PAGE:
Calls for review of all coronavirus lockdown fines

The chiefs of police are under increasing pressure to review all fines imposed in England and Wales under coronavirus legislation.

More than 40 MPs and peers have joined the calls by 13 human rights groups, lawyers and activists for the National Police Chiefs Council (NPCC) to re-examine the penalties for those who appear to be violating the rules.

According to preliminary NPCC data, a total of 18,439 permanent criminal complaints (FPNs) were registered between March 27 and June 22, including 15,856 in England and 2,583 in Wales.

When the country reached 100 days after the closure, a letter from the group, led by Big Brother Watch, to NPCC chairman Martin Hewitt said the case was now "extremely convincing" for a review.

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<p>The PA news letter said: "Currently, the NPCC has neither recognized the systemic problem of unlawful, inconsistent and discriminatory enforcement of emergency laws, nor taken the initiative to support police review of FPNs (firm criminal charges).</p>
<p>"No reasons were given why the NPCC did not support a review.</p>
<p>"The only way to ensure that injustices are identified and remedied is to review any fines already imposed."</p>
<p>Former Conservative Cabinet Secretary Andrew Mitchell, former Labor leader Jeremy Corbyn and incumbent Liberal Democratic leader Ed Davey, and Baroness Shami Chakrabarti are among other groups including Amnesty International UK and Liberty to put their names on the letter.</p>
<p>Reverend Martin Poole, the pastor of Brighton, who asked Health Secretary Matt Hancock to review all fines during one of the government's daily press conferences in May after the Dominic Cummings affair, also supported the calls.</p>
<p>The letter described the laws as "draconian" and "the strictest restrictions on rights and freedoms" since World War II. Statistics released so far state that there is a "zip code lottery" that imposes fines.</p>
<p>Concerns have been raised about the proposals that disproportionate fines have been imposed on black and Asian people. This has been called "evidence of racism, discrimination and bias".</p>
<p>The North Yorkshire police have imposed the most fines so far (1,122), followed by the Metropolitan Police (1,072) and Devon and Cornwall (978), compared with only 42 in Staffordshire and 58 in Warwickshire.</p>
<p>Analysis of NPCC fines data imposed on England between March 27 and June 22 in England and Wales by the PA news agency found that the rate for people who were not white was 47% higher was.</p>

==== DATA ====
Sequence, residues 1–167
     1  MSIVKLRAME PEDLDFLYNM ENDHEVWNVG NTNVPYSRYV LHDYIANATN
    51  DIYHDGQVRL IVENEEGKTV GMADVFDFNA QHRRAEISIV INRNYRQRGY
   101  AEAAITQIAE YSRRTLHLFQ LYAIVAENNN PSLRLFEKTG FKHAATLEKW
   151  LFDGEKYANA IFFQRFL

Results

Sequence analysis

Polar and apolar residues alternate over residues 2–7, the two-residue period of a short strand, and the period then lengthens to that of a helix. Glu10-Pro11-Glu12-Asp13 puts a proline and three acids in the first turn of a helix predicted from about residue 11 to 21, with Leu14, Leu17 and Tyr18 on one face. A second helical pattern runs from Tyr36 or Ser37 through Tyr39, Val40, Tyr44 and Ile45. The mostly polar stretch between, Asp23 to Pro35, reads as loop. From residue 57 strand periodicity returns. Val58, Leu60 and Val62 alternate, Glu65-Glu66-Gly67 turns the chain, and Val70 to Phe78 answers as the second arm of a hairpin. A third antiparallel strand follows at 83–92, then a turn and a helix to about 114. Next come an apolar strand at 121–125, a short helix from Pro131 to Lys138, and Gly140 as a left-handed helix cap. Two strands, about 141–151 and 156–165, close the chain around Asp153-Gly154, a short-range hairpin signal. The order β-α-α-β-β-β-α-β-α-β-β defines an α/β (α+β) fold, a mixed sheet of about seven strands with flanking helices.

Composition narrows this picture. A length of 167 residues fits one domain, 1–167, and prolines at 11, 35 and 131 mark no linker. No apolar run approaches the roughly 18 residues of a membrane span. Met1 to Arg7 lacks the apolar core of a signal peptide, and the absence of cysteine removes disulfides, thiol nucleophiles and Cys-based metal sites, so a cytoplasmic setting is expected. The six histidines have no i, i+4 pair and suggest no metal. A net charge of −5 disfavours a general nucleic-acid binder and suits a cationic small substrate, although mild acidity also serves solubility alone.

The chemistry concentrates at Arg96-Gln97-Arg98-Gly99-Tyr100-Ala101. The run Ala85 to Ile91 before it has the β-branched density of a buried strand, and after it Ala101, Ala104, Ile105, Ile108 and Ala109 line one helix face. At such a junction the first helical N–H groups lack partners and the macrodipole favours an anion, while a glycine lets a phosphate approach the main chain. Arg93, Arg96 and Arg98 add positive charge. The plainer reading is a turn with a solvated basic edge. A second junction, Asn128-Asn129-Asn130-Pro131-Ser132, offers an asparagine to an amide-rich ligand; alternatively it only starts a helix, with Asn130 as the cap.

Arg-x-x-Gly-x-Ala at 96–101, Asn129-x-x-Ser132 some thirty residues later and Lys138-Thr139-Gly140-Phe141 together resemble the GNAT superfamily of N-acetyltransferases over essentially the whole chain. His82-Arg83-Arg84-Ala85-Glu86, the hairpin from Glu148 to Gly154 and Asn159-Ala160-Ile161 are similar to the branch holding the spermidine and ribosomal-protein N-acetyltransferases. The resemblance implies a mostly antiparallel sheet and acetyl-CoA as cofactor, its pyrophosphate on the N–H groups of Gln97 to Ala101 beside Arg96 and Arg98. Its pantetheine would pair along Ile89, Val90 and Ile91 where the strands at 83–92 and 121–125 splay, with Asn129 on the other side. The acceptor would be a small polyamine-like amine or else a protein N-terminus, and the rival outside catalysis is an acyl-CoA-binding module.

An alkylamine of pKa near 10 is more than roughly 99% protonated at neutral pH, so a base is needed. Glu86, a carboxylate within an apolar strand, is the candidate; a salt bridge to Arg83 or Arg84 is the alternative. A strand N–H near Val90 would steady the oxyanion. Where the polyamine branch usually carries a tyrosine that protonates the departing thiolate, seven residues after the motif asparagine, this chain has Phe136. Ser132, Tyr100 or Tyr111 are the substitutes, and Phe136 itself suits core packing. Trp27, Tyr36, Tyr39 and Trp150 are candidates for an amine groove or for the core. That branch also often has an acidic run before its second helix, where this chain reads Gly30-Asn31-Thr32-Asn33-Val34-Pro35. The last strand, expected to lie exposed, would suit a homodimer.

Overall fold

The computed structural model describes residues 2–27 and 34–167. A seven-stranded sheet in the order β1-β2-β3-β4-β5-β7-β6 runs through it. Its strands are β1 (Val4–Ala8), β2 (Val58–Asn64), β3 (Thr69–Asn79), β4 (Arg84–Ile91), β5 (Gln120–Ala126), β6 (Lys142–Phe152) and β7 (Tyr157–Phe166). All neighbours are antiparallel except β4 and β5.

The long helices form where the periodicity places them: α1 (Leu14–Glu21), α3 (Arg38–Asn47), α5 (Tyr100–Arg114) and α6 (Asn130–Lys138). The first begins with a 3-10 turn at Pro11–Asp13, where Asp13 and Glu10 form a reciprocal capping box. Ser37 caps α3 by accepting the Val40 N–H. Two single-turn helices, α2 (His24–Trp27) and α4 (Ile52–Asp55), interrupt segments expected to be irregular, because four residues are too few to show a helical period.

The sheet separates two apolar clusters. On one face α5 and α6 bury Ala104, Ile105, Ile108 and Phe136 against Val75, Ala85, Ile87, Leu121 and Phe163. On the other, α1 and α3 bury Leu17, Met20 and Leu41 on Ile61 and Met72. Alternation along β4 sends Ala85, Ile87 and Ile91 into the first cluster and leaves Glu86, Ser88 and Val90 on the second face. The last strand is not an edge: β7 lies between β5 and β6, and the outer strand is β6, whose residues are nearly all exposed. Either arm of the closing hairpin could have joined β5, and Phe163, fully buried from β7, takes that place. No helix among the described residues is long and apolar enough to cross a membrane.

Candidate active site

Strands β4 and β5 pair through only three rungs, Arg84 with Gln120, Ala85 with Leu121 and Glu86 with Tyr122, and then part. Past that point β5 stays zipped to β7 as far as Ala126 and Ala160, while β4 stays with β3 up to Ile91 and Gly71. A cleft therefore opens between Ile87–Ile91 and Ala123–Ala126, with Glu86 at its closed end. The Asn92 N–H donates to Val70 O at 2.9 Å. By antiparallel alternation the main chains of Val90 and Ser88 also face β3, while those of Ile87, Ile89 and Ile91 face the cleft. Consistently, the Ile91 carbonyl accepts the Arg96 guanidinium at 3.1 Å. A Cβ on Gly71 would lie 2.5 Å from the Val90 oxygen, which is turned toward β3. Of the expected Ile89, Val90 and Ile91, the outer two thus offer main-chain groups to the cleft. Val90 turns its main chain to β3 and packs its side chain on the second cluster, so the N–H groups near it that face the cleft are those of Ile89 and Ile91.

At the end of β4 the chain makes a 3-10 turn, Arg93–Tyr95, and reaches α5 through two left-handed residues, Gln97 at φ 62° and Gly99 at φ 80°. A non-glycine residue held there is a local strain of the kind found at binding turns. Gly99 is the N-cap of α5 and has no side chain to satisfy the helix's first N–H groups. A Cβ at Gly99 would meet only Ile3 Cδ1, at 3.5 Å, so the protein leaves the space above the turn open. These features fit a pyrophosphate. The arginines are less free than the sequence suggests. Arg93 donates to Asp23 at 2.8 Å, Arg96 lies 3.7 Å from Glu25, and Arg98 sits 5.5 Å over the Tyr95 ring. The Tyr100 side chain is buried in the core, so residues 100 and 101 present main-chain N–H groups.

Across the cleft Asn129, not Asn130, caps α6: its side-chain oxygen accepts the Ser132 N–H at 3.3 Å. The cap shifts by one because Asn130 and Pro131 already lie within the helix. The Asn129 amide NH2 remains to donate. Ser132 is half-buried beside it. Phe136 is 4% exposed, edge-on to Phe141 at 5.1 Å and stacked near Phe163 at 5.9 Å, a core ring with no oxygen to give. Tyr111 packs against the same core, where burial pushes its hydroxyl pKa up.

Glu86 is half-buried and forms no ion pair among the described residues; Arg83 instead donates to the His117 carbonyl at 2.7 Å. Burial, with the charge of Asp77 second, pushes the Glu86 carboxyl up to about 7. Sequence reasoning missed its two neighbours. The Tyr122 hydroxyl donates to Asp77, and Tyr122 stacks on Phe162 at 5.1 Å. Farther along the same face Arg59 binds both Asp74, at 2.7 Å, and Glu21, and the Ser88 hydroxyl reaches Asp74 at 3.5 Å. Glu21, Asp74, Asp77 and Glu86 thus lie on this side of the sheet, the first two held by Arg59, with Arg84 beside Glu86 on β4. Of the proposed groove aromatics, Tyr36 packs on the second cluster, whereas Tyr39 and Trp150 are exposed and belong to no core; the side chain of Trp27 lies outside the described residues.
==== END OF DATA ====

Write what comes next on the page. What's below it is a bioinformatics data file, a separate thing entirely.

<p>A comparison of the number of fines with the population based on estimates by the Office for National Statistics on Ethnicity showed that the number of people distributed to whites was approximately 23 per 100,000.</p>
<p>For people with a BAME background, this was 34 fines per 100,000 people.</p>
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<figcaption>A police officer patrols along Bournemouth Beach (Andrew Matthews / PA)</figcaption></figure>
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<p>Earlier this month, it emerged that unlawful law enforcement measures were still taking place under the emergency laws to enforce measures to curb the spread of the virus.</p>
<p>The Crown Prosecutor's Office continues to review all such law enforcement actions for a number of mistakes highlighted by journalists, lawyers, and activists.</p>
<p>Silkie Carlo, director of Big Brother Watch, said there was "no justice for the thousands of people we estimate to have been wrongly fined."</p>
<p>In a previous response, Mr. Hewitt welcomed the "proper review" of the use of the powers, but said that "it is not up to the NPCC to review the work of the individual forces".</p>
<p>He insisted that enforcement was always a "last resort" and added: "Where mistakes were made, we recognized it."</p>
<p>Last week, the NPCC was criticized for the amount of time it took to publish detailed ethnicity data on those fined.</p>
<p>A panel spokesman said: “The letter has been received and is being properly checked. Our ethnicity analysis will be published in July. "</p>
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